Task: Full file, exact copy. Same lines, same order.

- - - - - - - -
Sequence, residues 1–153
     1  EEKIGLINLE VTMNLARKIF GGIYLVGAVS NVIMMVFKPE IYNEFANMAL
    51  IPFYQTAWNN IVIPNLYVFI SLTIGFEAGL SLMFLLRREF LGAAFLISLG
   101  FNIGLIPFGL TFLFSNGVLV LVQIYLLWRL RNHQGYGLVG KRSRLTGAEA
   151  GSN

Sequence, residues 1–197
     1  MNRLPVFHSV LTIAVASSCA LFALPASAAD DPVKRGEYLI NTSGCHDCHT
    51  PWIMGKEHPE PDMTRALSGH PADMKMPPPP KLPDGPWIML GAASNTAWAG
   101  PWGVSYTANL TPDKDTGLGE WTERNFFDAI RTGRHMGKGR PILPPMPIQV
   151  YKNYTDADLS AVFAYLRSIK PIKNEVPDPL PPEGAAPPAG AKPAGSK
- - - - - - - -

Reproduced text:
Sequence, residues 1–153
     1  EEKIGLINLE VTMNLARKIF GGIYLVGAVS NVIMMVFKPE IYNEFANMAL
    51  IPFYQTAWNN IVIPNLYVFI SLTIGFEAGL SLMFLLRREF LGAAFLISLG
   101  FNIGLIPFGL TFLFSNGVLV LVQIYLLWRL RNHQGYGLVG KRSRLTGAEA
   151  GSN

Sequence, residues 1–197
     1  MNRLPVFHSV LTIAVASSCA LFALPASAAD DPVKRGEYLI NTSGCHDCHT
    51  PWIMGKEHPE PDMTRALSGH PADMKMPPPP KLPDGPWIML GAASNTAWAG
   101  PWGVSYTANL TPDKDTGLGE WTERNFFDAI RTGRHMGKGR PILPPMPIQV
   151  YKNYTDADLS AVFAYLRSIK PIKNEVPDPL PPEGAAPPAG AKPAGSK